There is good news if you only use the Pfam website, since not a great deal has changed here. You will notice many small changes around the site, as well as a few larger ones, such as the new domain graphics.  There have been a few usability improvements, notably in the behaviour of the tabs and their interaction with your browser’s “back” button.  You should now find that pressing “back” will take you to the last tab that you viewed, rather than to the last complete web page.  This might take some getting used to, but we hope that it will prove more intuitive than the original mechanism.  You should also be able to bookmark any tab in the site directly, which was not previously easy to do.

Sequence searches

One of the most exciting changes to the website is the massive increase in the speed of interactive, single-sequence searches.  Because searches used to take upwards of thirty seconds to complete, we used to show a page with a progress bar and a status message telling you how your search was doing. Thanks to the dramatic speed increases in HMMER3, we’ve been able to do away with the progress bar and we now load the results page directly.  For all but the largest sequences, you should see your search results loading within just a few seconds.

Domain graphics

Visually, probably the most significant difference in the site is the new style domain graphics.  Our domain graphics are pictorial representations of sequences and the Pfam matches to them.  In the existing Pfam 23.0 site, every domain graphic is generated on our server as an image file, using the Perl GD module.  Each image is then served separately by our servers.  Obviously, when viewing many sequences in one page, your browser might have to make hundreds of requests to our server and, during periods of heavy load, this severely reduces the performance of the website.  Also, in the past we have had periods during which we were generating these temporary domain graphic images faster than we could delete them!  To circumvent these issues, we have completely changed the way that the domain graphics are drawn.  In the new site, all of the domain graphics in a page are described by a single chunk of data and then drawn in your browser using a javascript library.  This should make the page load more quickly and it allows us to add more information to the domain graphics; you should see new tooltips as you move your mouse over the images, giving information about each domain.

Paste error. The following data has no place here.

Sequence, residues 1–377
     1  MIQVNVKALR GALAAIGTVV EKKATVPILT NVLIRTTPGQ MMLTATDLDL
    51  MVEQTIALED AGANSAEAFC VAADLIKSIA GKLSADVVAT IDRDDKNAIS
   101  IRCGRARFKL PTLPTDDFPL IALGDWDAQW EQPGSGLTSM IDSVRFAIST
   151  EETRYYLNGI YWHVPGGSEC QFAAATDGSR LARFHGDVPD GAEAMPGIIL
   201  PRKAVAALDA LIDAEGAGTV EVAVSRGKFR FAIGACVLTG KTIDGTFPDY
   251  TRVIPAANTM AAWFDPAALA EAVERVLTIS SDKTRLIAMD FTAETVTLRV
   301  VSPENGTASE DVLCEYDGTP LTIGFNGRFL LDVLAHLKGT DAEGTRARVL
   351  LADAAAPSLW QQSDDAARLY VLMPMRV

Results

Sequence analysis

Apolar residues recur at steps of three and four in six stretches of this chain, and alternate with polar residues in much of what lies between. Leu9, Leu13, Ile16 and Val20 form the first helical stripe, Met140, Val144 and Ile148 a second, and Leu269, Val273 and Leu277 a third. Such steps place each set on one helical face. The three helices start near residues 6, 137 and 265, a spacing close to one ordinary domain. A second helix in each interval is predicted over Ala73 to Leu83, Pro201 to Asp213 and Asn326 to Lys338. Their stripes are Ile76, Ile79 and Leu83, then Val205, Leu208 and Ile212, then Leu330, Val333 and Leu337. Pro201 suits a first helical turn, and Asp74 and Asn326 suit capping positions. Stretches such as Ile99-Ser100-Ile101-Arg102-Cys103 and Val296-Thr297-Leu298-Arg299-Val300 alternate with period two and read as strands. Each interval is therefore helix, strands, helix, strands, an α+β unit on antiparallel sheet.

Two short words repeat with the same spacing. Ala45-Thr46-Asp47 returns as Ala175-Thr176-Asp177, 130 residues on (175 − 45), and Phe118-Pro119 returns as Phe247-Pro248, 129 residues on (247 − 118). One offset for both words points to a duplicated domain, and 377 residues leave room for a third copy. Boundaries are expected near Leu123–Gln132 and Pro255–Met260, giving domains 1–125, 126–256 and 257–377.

RESTful interface

One part of the site that has changed noticeably (and which will be broken in places at first) is the so-called “RESTful interface”.  If you’re not familiar with the RESTful interface, it’s essentially a programmatic interface to some parts of the Pfam website, such as family pages or the sequence search system.  Right now it’s looking as if the RESTful interface for much of the site will be released after the initial 24.0 data release, because we still have a lot to do there.  However, because the single-sequence search mechanism has changed so much, the RESTful interface to that sub-system will change as soon as the site is released.  Most importantly, there are some changes to the XML that is returned by this interface, so, if you use it, you will almost certainly need to update your scripts.  We’ll do our best to document all of the changes in time for the release.

In Summary

If you are waiting for Pfam 24.0, it will not be long now… And if you rely on Pfam as a source of data, then start thinking about scheduling time in October to go and revisit any code that uses it.

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2 Responses to “Imminent Release of Pfam 24.0”


  1. […] Imminent Release of Pfam 24.0 […]


  2. […] an Rfam annotation. We investigated a number of approaches for doing this, including mutating the Pfam domain graphics. However, this brought us uncomfortably close to creating yet another genome/sequence browser, […]